Ducks in the City

Duck season ~ I really do love duck season.

There is just something silly and fun about these diving and dabbling feathered friends that play and swim in the frozen waters. The season is just beginning for me and this time of year one of my usual duck spots is smack dab in the center of the Nation’s capital. However, due to the arctic blast we’ve had the past several weeks, all of the ponds along the Washington Mall and the Potomac River have completely frozen over. As a result, all of the ducks have flown off to parts unknown in search of open water.

I drove all along the Potomac River on Thursday in search of ducks for my Wintering Waterfowl photography class that was today with no luck. With good fortune however, many of the class participants were willing to drive to another location near Columbia, Maryland.

Columbia, Maryland is a planned community that built a good number of lakes for recreation and some of them are stocked with fish during the warmer months. Centennial Lake is a 52 acre lake that is subject to freezing over as many of these other lakes have, but not completely. As a result, the geese and ducks find respite in the waters.

Along with 2,000 of his Canada goose friends a waywardly lost rare goose has been seen at this lake for the past few weeks. A Greater White-fronted Goose is usually only seen in the winter months west of the Mississippi.

It’s great for bird photography here as there waterfowl are used to lots of walkers, runners and even dogs that wish they too could go duck hunting. The open water that remains reduces the area where the waterfowl are located and are close to land and easily accessible. Following my class I opted to remain for a while as I wasn’t quite frozen enough and spent some time capturing the diving ducks. Such a wonderful time.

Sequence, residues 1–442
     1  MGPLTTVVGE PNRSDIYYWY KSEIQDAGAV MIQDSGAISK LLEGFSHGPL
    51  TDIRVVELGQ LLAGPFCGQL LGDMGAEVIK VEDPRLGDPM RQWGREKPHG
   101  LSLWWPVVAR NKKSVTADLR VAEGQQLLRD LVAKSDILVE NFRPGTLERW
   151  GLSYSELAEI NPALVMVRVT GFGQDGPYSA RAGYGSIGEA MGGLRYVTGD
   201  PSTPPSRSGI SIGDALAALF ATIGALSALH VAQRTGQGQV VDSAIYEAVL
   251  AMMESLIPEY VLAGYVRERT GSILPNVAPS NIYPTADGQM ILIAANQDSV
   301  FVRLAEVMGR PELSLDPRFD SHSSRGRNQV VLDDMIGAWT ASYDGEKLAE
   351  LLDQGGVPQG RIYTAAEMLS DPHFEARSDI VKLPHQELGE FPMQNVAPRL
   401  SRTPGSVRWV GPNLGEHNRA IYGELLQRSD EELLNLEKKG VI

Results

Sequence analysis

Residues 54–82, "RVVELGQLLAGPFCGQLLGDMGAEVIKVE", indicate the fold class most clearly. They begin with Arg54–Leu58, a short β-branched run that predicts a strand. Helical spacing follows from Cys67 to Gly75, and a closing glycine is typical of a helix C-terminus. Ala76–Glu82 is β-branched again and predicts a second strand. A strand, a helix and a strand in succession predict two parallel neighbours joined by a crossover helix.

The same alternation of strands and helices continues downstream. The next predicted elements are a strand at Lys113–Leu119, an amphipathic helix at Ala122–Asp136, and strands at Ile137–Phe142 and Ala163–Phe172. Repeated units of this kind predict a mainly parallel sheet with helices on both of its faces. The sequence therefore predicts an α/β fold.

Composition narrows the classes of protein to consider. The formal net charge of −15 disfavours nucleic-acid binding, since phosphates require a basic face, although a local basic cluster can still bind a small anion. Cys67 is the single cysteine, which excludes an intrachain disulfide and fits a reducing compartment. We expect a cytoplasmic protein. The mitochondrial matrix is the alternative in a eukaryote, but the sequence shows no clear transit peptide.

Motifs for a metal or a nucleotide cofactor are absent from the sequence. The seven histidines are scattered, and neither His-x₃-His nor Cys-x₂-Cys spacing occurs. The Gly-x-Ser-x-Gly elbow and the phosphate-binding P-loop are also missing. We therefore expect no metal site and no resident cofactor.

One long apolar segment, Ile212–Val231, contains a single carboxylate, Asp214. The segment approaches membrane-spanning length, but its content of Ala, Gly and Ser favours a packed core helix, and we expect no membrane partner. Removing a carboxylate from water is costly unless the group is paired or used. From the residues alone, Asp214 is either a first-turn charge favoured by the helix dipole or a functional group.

9 thoughts on “Ducks in the City

  1. How in the world do ducks know where the water is open?!
    The pond behind my house has been frozen: no ducks.
    Yesterday there were ducks!

  2. How in the world do ducks know where the water is open?!
    The pond behind my house has been frozen: no ducks.
    Yesterday there were ducks!

  3. Pingback: Emily Carter Mitchell’s Ducks – Life On The Lake

  4. What a wonderful collection of ducks! Some of them I’ve never heard of.
    I must say I don’t envy you in those long prolonged freezing temperatures. I am pretty sure I would not survive. You are a very brave lady indeed, Emily. 👍

  5. Simply ducky! Stunning photos. I once lived on a bog pond in north Idaho and love watching the migration. Some of the diving ducks would stay and nest. Your photo of the ring-neck male is so sharp you can see where the breed gets its name.

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